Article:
I had it in mind that I might write a little something about the Pennsylvania lawsuit against the Morgan & Morgan firm over lawyer advertising issues, but Karen Rubin and the fine folks at The Law for Lawyers Today beat me to that punch with a nice piece at their site that you can read at this link.
So, instead, but still staying on the general theme of lawyer advertising issues, I’m going to focus just a bit on a story coming out of what is often thought of as “ground-zero” in the U.S. when it comes to the battle over lawyer advertising issues — Florida. It is a tale of a lawyer who is being suspended for one year over conduct involving solicitation of a client. (Should you want to, you can read the full per curiam opinion of the Florida Supreme Court in Florida Bar v. Dopazo here.)
The opinion mostly focuses on the question of what was the right amount of punishment, deciding to increase the suspension from the 60 days that was recommended to a full one-year suspension. That isn’t my interest for today. My interest for today is to use this case as a reminder of a few things in the context of larger issues that are going on in the world of lawyer advertising (and, in particular, the APRL effort to persuade the ABA to revise the Model Rules to streamline the restrictions on both general advertising and solicitation).
Those who study questions of legal ethics or attorney advertising or both will remember that the only U.S. Supreme Court case to uphold a restriction on attorney advertising efforts as constitutional is Florida Bar v. Went For It. The restriction upheld there was the 30-day off limits concept for soliciting representation by mail from folks affected by disaster or traumatic personal injury in any fashion.
Dopazo’s conduct not only ran afoul of prohibitions on in-person solicitation but was well within that kind of 30-day off-limits period and would have been prohibited in any form or fashion.
In March 2007, days after her son suffered traumatic brain injury as the result of a motor vehicle injury, Penny Jones was approached at Jackson Memorial Hospital Ryder Trauma Center by Dopazo, who successfully solicited her to become a client of his for a fee. There was no prior relationship between Jones and Dopazo, nor were his legal services sought by her or anyone acting on her behalf.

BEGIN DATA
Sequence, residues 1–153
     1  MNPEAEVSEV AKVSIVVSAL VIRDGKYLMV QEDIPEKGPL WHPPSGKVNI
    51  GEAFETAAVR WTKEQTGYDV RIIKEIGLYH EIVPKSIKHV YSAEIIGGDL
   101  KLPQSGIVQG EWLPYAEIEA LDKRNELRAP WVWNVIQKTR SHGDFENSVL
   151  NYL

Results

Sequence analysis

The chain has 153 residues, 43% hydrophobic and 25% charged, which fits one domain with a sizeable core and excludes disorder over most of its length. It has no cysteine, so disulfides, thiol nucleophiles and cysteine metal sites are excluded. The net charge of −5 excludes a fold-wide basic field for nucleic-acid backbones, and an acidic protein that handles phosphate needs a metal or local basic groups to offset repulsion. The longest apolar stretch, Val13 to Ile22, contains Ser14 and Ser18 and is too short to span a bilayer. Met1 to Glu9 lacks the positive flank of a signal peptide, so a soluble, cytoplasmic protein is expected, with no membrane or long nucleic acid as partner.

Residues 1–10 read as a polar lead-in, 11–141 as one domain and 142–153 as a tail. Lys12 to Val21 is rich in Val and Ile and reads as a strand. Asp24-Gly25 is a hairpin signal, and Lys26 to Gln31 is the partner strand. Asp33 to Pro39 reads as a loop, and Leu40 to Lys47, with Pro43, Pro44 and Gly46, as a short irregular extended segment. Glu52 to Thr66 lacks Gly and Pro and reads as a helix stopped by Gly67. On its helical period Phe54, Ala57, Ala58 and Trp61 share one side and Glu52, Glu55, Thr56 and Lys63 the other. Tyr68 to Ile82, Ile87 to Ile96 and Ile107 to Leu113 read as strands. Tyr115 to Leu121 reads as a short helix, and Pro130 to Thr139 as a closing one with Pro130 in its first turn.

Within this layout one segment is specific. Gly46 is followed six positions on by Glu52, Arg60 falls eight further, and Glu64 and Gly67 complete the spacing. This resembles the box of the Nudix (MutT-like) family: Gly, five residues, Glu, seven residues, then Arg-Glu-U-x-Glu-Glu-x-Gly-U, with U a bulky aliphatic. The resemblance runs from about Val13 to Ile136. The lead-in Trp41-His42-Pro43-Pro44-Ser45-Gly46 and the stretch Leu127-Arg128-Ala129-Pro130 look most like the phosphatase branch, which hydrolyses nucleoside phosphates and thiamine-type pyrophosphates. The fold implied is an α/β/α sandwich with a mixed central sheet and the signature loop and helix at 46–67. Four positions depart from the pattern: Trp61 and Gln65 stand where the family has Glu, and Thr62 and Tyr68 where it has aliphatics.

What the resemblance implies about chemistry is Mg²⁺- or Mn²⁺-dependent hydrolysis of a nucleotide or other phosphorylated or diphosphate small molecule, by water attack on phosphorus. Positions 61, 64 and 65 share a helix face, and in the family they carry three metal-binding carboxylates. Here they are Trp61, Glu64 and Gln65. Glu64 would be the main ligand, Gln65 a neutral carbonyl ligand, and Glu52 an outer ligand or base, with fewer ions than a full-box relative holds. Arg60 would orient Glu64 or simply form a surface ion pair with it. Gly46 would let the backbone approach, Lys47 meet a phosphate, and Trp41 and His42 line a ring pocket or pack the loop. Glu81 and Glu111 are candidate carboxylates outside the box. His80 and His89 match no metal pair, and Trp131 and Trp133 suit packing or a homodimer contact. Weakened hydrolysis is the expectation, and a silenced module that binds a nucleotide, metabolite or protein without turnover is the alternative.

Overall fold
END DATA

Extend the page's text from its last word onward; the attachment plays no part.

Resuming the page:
No one who is out there actively advocating for revisions to the ethics rules addressing lawyer advertising and solicitation is pushing a rule revision that would permit this kind of in-person solicitation in a hospital even if a jurisdiction did not also have some version of a 30-day off-limits period. Even those of us who question the fairness of 30-day off limits provisions because they only prohibit communications from one side of things -_ the side seeking to provide representation — are in favor of restrictions on in-person solicitation by lawyers of strangers.
Those of us who are actively advocating for changes though are very much in favor of trying to not have these sort of situations — which can be adequately addressed by simple prohibitions — drive the discourse to try to justify more expansive restrictions on commercial speech. Among the many reasons for that are the kinds of unnecessary and unneeded restrictions that can come to pass because of expansions of such concepts.
Using my own state as an example, over time our rule imposing a version of the 30-day off limits provision has now been expanded to prevent lawyers from sending letters to strangers offering to provide representation in a divorce matter within 30 days of the filing of a divorce. I’ve written in the past about the problems I have with that concept (if you click through that link which gives you an electronic/pdf-ish version of The Memphis Lawyer magazine from 2015, you’ll need to go to pages 14-15 to read the column).
So, unquestionably, this Florida lawyer’s situation is one that the ethics rules ought to prohibit. But the fact that such conduct was engaged in does not provide a basis for saying that the rules aren’t in need of reform.
(N.B. You might be asking yourself why in the world a lawyer is being disciplined in 2017 for misconduct that happened in 2007. The opinion elaborates that it was not the target of the solicitation who complained about Dopazo but rather that the Florida Bar only learned of the incident in 2011 as a result of the findings of an FBI investigation of this lawyer over alleged payments to non-lawyers for a client recruitment scheme involving medical clinics. Interestingly, the delay in the prosecution of the case from 2011 to 2015 was, in fact, taken into account as a mitigating factor when concluding that the appropriate discipline was a one-year suspension.)